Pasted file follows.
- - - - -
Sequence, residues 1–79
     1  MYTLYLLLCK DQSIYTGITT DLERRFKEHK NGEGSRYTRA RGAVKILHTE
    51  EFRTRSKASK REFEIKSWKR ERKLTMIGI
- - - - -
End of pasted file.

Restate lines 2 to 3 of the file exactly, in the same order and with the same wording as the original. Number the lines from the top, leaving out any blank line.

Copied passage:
     1  MYTLYLLLCK DQSIYTGITT DLERRFKEHK NGEGSRYTRA RGAVKILHTE
    51  EFRTRSKASK REFEIKSWKR ERKLTMIGI